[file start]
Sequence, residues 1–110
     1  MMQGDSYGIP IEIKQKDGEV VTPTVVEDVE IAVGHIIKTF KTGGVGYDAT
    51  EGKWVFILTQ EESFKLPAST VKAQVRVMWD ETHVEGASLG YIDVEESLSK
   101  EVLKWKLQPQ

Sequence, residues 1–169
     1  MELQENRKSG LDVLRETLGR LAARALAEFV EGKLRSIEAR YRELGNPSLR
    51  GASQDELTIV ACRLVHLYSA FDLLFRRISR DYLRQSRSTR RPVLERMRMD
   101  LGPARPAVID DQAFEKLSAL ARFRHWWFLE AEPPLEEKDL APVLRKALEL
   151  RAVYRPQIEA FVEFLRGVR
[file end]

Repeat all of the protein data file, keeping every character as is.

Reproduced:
Sequence, residues 1–110
     1  MMQGDSYGIP IEIKQKDGEV VTPTVVEDVE IAVGHIIKTF KTGGVGYDAT
    51  EGKWVFILTQ EESFKLPAST VKAQVRVMWD ETHVEGASLG YIDVEESLSK
   101  EVLKWKLQPQ

Sequence, residues 1–169
     1  MELQENRKSG LDVLRETLGR LAARALAEFV EGKLRSIEAR YRELGNPSLR
    51  GASQDELTIV ACRLVHLYSA FDLLFRRISR DYLRQSRSTR RPVLERMRMD
   101  LGPARPAVID DQAFEKLSAL ARFRHWWFLE AEPPLEEKDL APVLRKALEL
   151  RAVYRPQIEA FVEFLRGVR